From then to now: How studying childhood cancer survivors today helps patients of tomorrow
Patient No. 17 returns to St. Jude for program that helps clinicians and researchers improve future treatments.
February 19, 2021 • 3 min
Dwight Tosh digs deeply into his nearly 60 years of experience, into all those memories of a life so beautifully lived with purpose, to answer my question:
What does St. Jude Children’s Research Hospital mean to you today?
He responds with a single word: Hope.
There is so much meaning and emotion within that one word for Dwight, who was admitted to St. Jude in 1962, a teenager diagnosed with Hodgkin lymphoma. As patient No. 17, he was one of the very first children treated at Danny Thomas’ newly opened research hospital in Memphis.
For Dwight, “hope” has meant a lifetime filled with family. The joys of two children and four grandchildren. A loving marriage to his high school sweetheart. A career of service as an Arkansas state trooper and a state legislator.
But he’s also acutely aware of what that word — hope — might mean for thousands of kids he has never met. Thousands more who haven’t even been born.
You see, Dwight is part of the first generation of children who really had any chance at all of surviving pediatric cancer. At 72 years old, his blood, his organs and his very cells contain a wealth of information for researchers at St. Jude. What happens to childhood cancer survivors as they age? How does treatment affect a patient’s long-term function?
Studying that topic are Dr. Greg Armstrong and his team with the Childhood Cancer Survivor Study and St. Jude LIFE. These programs, which include tens of thousands of participants, allow doctors and researchers to learn more about childhood cancer survivors whose past experiences promise hope for the future of treatment.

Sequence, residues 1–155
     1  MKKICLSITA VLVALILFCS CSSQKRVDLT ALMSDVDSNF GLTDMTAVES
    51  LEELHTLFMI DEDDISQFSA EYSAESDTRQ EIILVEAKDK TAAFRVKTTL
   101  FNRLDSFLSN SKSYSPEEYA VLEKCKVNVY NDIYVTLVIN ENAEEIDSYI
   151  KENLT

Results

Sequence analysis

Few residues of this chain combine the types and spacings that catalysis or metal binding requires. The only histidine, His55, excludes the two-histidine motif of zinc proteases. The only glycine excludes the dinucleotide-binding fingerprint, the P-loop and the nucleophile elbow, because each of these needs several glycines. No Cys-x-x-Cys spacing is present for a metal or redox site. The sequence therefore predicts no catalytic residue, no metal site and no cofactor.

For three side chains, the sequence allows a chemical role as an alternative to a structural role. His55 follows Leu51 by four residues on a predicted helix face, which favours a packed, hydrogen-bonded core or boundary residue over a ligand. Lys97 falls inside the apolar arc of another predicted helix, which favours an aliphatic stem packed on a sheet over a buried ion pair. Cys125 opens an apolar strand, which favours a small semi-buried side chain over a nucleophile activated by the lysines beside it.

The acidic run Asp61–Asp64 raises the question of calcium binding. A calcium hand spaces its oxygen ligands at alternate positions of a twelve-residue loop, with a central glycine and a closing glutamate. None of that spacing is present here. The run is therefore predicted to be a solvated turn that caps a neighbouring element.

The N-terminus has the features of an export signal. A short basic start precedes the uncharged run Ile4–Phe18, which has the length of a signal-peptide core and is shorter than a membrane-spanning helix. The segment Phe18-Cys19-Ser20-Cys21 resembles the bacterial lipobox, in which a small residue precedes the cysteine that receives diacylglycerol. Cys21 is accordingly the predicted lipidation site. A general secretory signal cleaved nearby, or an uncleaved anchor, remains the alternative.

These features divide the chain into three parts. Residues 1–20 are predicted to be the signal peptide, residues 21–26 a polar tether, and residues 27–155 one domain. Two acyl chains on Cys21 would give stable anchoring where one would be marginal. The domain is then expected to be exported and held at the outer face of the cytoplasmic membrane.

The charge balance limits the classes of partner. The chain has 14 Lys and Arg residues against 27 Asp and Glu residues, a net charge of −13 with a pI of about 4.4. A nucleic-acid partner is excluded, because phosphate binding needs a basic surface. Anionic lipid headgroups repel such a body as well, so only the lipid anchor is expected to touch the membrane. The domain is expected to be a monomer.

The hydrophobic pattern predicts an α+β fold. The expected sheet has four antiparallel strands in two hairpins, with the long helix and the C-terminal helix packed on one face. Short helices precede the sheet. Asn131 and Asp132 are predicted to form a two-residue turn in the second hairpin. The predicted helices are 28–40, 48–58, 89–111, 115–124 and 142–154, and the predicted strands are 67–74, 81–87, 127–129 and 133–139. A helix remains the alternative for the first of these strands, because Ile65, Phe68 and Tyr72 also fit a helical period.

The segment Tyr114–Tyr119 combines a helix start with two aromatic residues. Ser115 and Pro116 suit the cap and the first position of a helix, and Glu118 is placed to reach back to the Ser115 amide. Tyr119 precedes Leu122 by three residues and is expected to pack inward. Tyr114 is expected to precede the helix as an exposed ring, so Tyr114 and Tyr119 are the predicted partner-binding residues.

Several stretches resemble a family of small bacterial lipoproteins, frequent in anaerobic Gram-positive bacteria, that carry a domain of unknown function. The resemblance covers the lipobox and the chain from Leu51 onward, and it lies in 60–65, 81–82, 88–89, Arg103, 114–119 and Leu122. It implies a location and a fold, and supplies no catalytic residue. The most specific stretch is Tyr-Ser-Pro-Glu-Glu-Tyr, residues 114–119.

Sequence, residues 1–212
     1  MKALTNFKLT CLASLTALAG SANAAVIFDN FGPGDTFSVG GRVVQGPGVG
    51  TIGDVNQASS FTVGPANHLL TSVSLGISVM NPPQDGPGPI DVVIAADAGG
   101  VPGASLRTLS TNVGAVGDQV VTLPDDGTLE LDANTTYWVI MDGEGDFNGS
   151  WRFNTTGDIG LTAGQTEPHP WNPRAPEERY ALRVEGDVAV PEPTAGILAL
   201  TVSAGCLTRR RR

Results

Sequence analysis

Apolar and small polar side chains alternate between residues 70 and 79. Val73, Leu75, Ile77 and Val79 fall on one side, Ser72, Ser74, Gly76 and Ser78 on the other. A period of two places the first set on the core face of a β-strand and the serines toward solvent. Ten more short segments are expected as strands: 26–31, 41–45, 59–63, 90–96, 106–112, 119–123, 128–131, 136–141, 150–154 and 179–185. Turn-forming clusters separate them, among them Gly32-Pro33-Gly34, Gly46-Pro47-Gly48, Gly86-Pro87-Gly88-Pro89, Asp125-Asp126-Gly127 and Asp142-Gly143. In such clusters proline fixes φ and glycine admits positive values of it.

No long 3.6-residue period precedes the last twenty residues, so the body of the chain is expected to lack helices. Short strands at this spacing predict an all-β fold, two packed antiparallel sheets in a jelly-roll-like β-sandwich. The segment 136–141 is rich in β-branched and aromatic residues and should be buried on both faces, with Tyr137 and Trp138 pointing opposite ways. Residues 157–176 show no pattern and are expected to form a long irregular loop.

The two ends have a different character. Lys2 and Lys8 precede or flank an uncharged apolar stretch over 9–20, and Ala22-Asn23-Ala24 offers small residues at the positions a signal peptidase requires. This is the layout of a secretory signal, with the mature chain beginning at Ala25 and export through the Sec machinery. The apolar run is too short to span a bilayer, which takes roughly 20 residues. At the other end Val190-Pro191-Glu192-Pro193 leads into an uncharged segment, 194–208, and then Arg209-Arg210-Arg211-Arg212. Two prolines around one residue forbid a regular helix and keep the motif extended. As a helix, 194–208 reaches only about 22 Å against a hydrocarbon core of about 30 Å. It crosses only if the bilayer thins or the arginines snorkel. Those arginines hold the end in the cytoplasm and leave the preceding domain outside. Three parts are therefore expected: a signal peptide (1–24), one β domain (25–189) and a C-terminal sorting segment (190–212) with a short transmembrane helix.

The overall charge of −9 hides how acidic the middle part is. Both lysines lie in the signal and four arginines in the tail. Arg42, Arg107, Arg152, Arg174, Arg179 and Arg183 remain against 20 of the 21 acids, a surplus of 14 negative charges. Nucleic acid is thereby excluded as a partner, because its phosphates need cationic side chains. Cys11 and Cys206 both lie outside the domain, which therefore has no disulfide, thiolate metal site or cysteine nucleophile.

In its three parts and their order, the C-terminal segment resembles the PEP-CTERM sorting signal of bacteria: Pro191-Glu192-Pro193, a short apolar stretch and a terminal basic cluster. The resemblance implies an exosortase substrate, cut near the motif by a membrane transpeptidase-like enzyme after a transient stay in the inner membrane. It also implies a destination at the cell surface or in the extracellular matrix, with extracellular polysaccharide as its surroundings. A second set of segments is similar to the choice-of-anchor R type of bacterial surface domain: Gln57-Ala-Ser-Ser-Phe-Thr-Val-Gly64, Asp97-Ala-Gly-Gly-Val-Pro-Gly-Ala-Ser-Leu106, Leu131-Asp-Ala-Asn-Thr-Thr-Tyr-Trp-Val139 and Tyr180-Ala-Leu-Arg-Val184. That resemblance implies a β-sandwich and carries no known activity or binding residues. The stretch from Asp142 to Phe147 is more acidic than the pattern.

Long-term follow-up, Dr. Armstrong said, has taught us about the chances of secondary cancers and changed how doctors treat patients from the very beginning. Today, because of the great strides made in childhood cancer treatment, more focus and resources can be placed on the impact of treatment, beyond simply surviving. As Dr. Armstrong said, “The key word in St. Jude LIFE, is life.”
Dwight’s life now includes regular trips back to St. Jude, made possible by the support of donors, where he undergoes a battery of tests, helping us learn what 20th century cancer treatment means for 21st century survival. Treadmill tests can be daunting for a septuagenarian, but because of what it means to others, Dwight undertakes it all with a full heart and a smile on his face.
But like Dwight’s succinct answer, there’s much more behind simple data collecting. It’s those two children and four grandchildren. And it’s the kids walking into St. Jude for the first time today. Dwight has been generous with his time beyond the lab and treadmill, getting to know as many young patients as he can, acting as mentor and a bridge between the past and future.
For Dwight, it’s also about the parents whose children are now being treated at St. Jude. “Looking into the eyes of those parents, it’s tough, but what it reminded me of was my parents,” he said. “So I wanted to take the time and spend time visiting, especially with the parents of these sick kids because I wanted them to know, and give them what I hoped would be hope, that you can be a patient at St. Jude and you can still go on to live a full and productive life. And that I’m living proof of that.”
Empathy and compassion — the true measure of a person — that’s learned over a lifetime. Dwight has had a long one thanks to you, and what he’s learned — and what we can learn from him — will help many more in the years to come.